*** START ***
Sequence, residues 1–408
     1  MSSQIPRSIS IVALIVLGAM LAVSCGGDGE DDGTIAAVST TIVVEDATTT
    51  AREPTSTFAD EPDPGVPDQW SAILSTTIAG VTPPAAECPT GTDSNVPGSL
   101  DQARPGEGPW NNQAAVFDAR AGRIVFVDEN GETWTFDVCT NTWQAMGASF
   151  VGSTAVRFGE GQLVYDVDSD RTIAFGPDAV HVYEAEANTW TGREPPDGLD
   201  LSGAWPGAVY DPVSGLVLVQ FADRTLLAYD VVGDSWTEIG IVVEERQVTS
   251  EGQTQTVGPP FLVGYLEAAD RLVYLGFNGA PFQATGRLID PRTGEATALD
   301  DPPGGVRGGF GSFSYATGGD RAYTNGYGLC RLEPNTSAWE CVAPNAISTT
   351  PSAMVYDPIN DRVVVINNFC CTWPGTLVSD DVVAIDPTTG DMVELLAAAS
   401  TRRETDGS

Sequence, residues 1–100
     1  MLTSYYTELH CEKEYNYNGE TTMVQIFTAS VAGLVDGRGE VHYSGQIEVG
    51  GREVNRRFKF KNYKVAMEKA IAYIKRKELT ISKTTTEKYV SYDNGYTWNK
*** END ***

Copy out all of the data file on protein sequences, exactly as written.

Sequence, residues 1–408
     1  MSSQIPRSIS IVALIVLGAM LAVSCGGDGE DDGTIAAVST TIVVEDATTT
    51  AREPTSTFAD EPDPGVPDQW SAILSTTIAG VTPPAAECPT GTDSNVPGSL
   101  DQARPGEGPW NNQAAVFDAR AGRIVFVDEN GETWTFDVCT NTWQAMGASF
   151  VGSTAVRFGE GQLVYDVDSD RTIAFGPDAV HVYEAEANTW TGREPPDGLD
   201  LSGAWPGAVY DPVSGLVLVQ FADRTLLAYD VVGDSWTEIG IVVEERQVTS
   251  EGQTQTVGPP FLVGYLEAAD RLVYLGFNGA PFQATGRLID PRTGEATALD
   301  DPPGGVRGGF GSFSYATGGD RAYTNGYGLC RLEPNTSAWE CVAPNAISTT
   351  PSAMVYDPIN DRVVVINNFC CTWPGTLVSD DVVAIDPTTG DMVELLAAAS
   401  TRRETDGS

Sequence, residues 1–100
     1  MLTSYYTELH CEKEYNYNGE TTMVQIFTAS VAGLVDGRGE VHYSGQIEVG
    51  GREVNRRFKF KNYKVAMEKA IAYIKRKELT ISKTTTEKYV SYDNGYTWNK